In addition to that, the minimum sum owed to a creditor that would classify an individual as a bankrupt would be raised from RM30,000 to RM50,000. This was by no means a move that condones Malaysians accumulating more debts, rather, the relevant authorities seek to make insolvency as a ‘last resort’. The amendments that were made are all aimed at the social and economic aspects to benefit Malaysians.

“The fact is that as the population grows, the number of bankruptcy cases will increase. With the number of amendments we have put in place, we hope the figure will come down.”

“In the past, it was easier to declare a person bankrupt. We found that 70% of bankruptcy notices were served by way of substituted service, meaning that one could be unaware that he/she has been made a bankrupt because the notice was not served on him personally,” said Malaysia Department of Insolvency (MdI) director-general Datuk Abdul Rahman Putra Taha in an interview with The Edge Malaysia.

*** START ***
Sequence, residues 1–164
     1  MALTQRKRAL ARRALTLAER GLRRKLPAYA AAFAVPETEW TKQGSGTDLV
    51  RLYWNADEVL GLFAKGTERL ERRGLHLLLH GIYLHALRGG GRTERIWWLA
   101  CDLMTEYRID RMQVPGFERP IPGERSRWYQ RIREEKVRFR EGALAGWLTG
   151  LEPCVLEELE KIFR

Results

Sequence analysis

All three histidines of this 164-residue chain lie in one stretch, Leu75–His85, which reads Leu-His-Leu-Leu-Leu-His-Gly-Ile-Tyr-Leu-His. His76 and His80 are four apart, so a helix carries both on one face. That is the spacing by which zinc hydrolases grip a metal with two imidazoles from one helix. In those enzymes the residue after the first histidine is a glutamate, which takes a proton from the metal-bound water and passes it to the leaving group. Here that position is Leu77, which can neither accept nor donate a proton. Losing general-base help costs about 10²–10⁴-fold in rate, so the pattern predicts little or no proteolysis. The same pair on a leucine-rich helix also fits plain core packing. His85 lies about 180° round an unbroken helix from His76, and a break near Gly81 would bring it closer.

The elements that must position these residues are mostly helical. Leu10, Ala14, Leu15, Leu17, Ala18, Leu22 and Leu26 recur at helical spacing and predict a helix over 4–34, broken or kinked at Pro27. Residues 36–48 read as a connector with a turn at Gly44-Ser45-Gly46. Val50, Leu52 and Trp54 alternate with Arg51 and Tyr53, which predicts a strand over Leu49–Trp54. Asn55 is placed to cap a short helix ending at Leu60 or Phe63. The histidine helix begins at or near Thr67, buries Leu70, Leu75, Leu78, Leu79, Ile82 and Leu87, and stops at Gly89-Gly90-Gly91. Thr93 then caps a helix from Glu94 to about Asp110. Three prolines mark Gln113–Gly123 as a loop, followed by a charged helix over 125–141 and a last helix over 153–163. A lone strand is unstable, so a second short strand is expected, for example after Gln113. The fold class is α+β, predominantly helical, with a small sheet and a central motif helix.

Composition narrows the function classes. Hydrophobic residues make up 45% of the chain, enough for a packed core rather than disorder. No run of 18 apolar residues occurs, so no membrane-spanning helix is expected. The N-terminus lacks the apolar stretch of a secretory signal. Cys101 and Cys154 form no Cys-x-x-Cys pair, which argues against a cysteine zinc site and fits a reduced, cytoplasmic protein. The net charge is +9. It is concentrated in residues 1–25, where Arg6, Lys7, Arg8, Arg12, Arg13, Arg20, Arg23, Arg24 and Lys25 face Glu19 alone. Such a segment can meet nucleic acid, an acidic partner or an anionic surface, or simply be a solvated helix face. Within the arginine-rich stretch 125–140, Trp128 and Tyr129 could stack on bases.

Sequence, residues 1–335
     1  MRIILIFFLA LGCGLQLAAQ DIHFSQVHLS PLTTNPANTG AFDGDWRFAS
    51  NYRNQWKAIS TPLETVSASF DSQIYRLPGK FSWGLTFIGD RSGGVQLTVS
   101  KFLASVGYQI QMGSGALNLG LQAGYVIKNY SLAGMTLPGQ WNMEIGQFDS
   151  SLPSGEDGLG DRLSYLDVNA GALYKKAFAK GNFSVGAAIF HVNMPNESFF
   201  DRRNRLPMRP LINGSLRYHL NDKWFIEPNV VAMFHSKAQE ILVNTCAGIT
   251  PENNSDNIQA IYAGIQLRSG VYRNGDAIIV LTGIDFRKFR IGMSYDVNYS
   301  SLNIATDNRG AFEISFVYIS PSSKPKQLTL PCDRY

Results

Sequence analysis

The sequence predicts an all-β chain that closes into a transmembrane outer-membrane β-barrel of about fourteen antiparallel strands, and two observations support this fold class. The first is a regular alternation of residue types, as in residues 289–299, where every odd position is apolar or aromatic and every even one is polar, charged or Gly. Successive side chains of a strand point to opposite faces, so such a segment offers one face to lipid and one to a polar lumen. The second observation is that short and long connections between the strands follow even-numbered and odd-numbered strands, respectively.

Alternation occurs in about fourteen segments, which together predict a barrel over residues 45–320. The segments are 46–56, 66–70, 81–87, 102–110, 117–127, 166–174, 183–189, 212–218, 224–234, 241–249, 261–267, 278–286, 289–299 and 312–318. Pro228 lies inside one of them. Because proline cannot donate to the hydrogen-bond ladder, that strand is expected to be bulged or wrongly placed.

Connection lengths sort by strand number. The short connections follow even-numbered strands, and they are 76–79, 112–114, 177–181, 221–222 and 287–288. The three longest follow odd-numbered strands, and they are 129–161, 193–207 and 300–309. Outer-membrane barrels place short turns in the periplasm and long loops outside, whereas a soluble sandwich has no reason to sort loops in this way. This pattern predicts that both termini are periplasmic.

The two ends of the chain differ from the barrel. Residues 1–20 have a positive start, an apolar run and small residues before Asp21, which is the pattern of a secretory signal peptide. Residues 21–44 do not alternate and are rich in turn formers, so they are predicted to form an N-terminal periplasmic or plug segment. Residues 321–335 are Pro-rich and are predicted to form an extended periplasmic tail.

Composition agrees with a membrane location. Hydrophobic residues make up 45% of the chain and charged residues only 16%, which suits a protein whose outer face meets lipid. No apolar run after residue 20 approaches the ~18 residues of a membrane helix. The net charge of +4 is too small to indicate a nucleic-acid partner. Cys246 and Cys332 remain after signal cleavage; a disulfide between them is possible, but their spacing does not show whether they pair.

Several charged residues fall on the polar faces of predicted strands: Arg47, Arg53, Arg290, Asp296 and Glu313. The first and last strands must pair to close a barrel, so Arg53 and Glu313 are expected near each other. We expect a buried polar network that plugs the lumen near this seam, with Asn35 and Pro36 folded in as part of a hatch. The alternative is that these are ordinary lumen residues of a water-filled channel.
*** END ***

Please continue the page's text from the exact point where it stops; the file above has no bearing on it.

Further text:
What are some of the trends in Malaysia’s bankruptcy statistics?

The number of bankruptcy cases in Malaysia remains stable, but the main reasons for individuals going bankrupt have varied. Over the last five years, that number has fluctuated between 18,000 and 22,000 cases, with a total of 249,000 Malaysians currently embroiled in bankruptcy cases due to their failure to settle a diverse mix of debts.

MdI goes one step further with statistics that show the state of Selangor recording the highest number of bankruptcy cases in the country with 70,817 cases. Their records show that the top five reasons as to why people are bankrupt over the past five-year period are due to personal loans, hire purchase loans, housing loans, credit card debts and business loans.

Category Causes of bankruptcy over 5 years
2012 2013 2014 2015 2016
Personal loan 3,251 4,174 4,906 5,228 6,133
Hire purchase 5,242 6,468 6,802 4,725 4,500
Housing loan 5,341 5,396 3,880 2,504 2,359
Credit card debt 888 1,016 1,827 1,770 2,247
Business loan 2,978 2,800 2,150 1,670 1,989
Social guarantor 892 995 1,444 1,196 1,033